You may wonder what can we do as freelancers with all these imagery. Here some examples of output:

  • Social media post
  • Instagram / FB /Twitter ad format — make sure the format is right for these channels, which have very specific sizes.
  • Banner
  • Poster
  • Ad
  • Newsletter (think of Mail Chimp)
  • Facebook / Twitter cover
  • Magazine — Issuuu is one good example
  • Brochure: see mine here
  • Leaflet
  • Flyer
  • Catalogue
  • Business cards: the better the resolution, the clearer the font, the stronger the message you send across.
  • Postcards
  • Presentations / PDFs
Screen Shot 2015-04-27 at 22.34.46
While I always recommend you take your own photos, I realise not everyone has an eye for it or even wants to. And sometimes, we just need something we do not have handy to shoot e.g. I currently do not own a pet or a car!

So, where to find images? Here some hints:

  • iStock
  • Shutterstock
  • Getty Images
  • Fotolia
  • Flickr (Creative Commons licence)
  • Unsplash
  • …or simply contact the owner ans ask!

Find inspiration on design galleries too, some of my favourite are:

  • Awwwards
  • Logopond
  • Best Web Gallery
  • Site Inspire
Apart from the more pro and classic computer-based software like InDesign, Fireworks, Photoshop, etc., as a wild aficionada of phone apps, I tend to edit my images on mobile. Being a little crafty is good, provided you use the right tools.
A cuppa, in b/w and red

A cuppa, in b/w and red (@rainylondon’s IG)

#TFBonTour and its boxers: an example of font use for a fun photo

Here’s my top apps to edit photos:

  • Facetune — lots of filters and handy functions like the “smooth brush” are perfect to create softer tones and colours.
  • Diptic / Layout — these apps help you create photo collages and they’re super easy to use.
  • Phoster — create interesting poster-format images to share
  • Over — to write beautiful fonts on your own images
  • Canva — the most complete of all but only for desktop (and now iPad). You can create all the abovementioned type of outputs with this basic design-for-dummies website.
  • Whitagram — to add a nice frame to your images, and while you’re at it, reduce their size to fit better on IG and other platforms.
  • Instagrid Pro — you can create amazing-looking Instagram puzzle picture, using a minimum of 3 photos and showing them in a visually impacting effect on your IG feed.
  • Squaready — make your photo square for IG and other platforms, very handy.
  • Aviary — ideal for making colour pop e.g. a black and white image with just a splash of colour is possible by selecting intelligent colour to bring out from the photo.
  • Camera+ — the main feature for me is the chance to take auto-shots, but hey, now on iPhone you can with the native app for the camera 🙂
  • Enlight
  • VSCO Cam
  • Union/Matter/LoryStripes/Tangent/Fragment — they come as a package with a wide range of very specific features.
Diptic is so handy

Diptic is so handy (amazing friends not included)

Unsure of how to combine fonts? Or which one to use? 

Samples in Dafont

Samples in Dafont

To check of find inspiration for fonts, read this very handy guide from Canva and I also recommend Dafont or MyFont, websites featuring list of fonts you can try with an instant preview and buy for commercial use.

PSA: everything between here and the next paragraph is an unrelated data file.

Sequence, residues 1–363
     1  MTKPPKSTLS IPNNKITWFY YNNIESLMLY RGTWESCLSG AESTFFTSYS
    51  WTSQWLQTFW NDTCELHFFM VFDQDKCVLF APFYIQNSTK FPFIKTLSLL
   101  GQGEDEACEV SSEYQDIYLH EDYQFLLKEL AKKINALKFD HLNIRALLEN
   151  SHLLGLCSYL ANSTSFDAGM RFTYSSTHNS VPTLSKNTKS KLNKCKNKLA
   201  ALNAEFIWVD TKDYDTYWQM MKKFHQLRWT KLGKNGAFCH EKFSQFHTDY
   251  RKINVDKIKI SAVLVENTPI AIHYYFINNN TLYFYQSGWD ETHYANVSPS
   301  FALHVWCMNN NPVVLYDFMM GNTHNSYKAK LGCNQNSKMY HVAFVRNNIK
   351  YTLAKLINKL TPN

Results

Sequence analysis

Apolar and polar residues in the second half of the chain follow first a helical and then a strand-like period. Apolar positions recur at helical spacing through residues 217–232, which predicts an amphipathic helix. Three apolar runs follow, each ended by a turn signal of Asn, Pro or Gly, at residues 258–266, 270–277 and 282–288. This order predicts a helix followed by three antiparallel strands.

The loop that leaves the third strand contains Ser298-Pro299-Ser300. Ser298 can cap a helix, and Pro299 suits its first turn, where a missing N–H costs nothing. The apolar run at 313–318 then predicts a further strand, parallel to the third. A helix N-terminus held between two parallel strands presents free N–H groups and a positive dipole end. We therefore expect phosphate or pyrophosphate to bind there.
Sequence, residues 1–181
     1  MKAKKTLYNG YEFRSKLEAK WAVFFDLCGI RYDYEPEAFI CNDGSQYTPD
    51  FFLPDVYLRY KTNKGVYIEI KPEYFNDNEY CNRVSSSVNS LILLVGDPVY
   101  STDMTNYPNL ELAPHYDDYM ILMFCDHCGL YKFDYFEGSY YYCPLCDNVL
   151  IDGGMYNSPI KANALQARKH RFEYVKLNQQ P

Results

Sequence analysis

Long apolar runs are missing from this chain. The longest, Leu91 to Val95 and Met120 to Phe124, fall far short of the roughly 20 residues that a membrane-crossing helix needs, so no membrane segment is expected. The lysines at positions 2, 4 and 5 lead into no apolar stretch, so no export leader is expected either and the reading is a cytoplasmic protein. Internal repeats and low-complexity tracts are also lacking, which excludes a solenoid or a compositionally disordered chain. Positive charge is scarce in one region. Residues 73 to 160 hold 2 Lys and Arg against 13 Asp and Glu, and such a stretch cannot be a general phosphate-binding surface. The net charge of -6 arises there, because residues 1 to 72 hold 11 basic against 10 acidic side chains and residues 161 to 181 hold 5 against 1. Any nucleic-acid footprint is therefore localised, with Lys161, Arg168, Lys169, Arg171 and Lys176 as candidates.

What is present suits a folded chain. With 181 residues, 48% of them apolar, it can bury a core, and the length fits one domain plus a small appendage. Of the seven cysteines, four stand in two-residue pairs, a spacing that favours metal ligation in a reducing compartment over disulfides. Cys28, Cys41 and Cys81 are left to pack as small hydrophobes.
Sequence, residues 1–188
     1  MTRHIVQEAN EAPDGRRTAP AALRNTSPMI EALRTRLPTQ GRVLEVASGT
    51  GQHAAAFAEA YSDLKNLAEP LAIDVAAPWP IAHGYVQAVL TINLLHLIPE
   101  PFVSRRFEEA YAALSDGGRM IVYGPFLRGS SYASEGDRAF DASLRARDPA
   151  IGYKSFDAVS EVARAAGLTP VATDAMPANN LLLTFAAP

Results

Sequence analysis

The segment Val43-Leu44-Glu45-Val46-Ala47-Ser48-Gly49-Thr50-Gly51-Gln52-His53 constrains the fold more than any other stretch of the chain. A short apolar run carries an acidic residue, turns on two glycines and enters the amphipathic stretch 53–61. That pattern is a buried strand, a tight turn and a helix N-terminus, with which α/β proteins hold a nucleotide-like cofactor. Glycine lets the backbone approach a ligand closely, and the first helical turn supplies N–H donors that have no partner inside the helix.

Well… What are you creating next?

(p.s.: most of these apps are for iOS)

Online visibility (iii) – video and alternative media aka: innovation and new frontiers

Video & alternative media

Online visibility: video et al.

As it happens for photography, video is very out there: it implies some degree of exposure and pretty much a conscious willingness to risk your face. Risking face is a concept I learnt when I studied English linguistics in university. A quick search on Wikipedia tells us this: the term face idiomatically refers to one’s own sense of dignity or prestige in social contexts. In the English-speaking world, the expression “To save face” describes the lengths that an individual may go to in order to preserve their established position in society, taking action to ensure that one is not thought badly of by their peers. It is a fundamental concept in the fields of sociology, sociolinguistics, semantics, politeness theory, psychology, political science, communication, and face negotiation theory.

There's a drawer for that

There’s a jar for that

In a business environment, face is mostly an Eastern concept most likened to the Western concept of respect and dignity. Making people feel they are losing face occurs more easily than we might expect and can seriously damage relationships. This cross-cultural aspect of ‘losing face’ can for instance play a role when you are responsible for leading a complex change project involving people from other cultures. If you think of the current panorama, most bloggers, influencers and speakers use now video and clips (even Snapchat as we mentioned last week) to create engagement, stir things and reach their audience keeping that element of storytelling alive. And what is more up close and personal that putting your face and your voice and your body language in a motion media? At a personal level, with The Freelance Box my colleague Marta and I have recorded some promotional short videos that can help invite future attendees. It’s short and compelling, and it shows you care. Of course, speaking in public is something you may not be born with – but you can (and should) learn how to do it.

(ps.: shameless plug… the next #TFB workshops are in Madrid, Zagreb and Belfast!)

What makes a video worth recording?

What elements should it feature?

Record if you…

  1. Have a great message or something to say/promote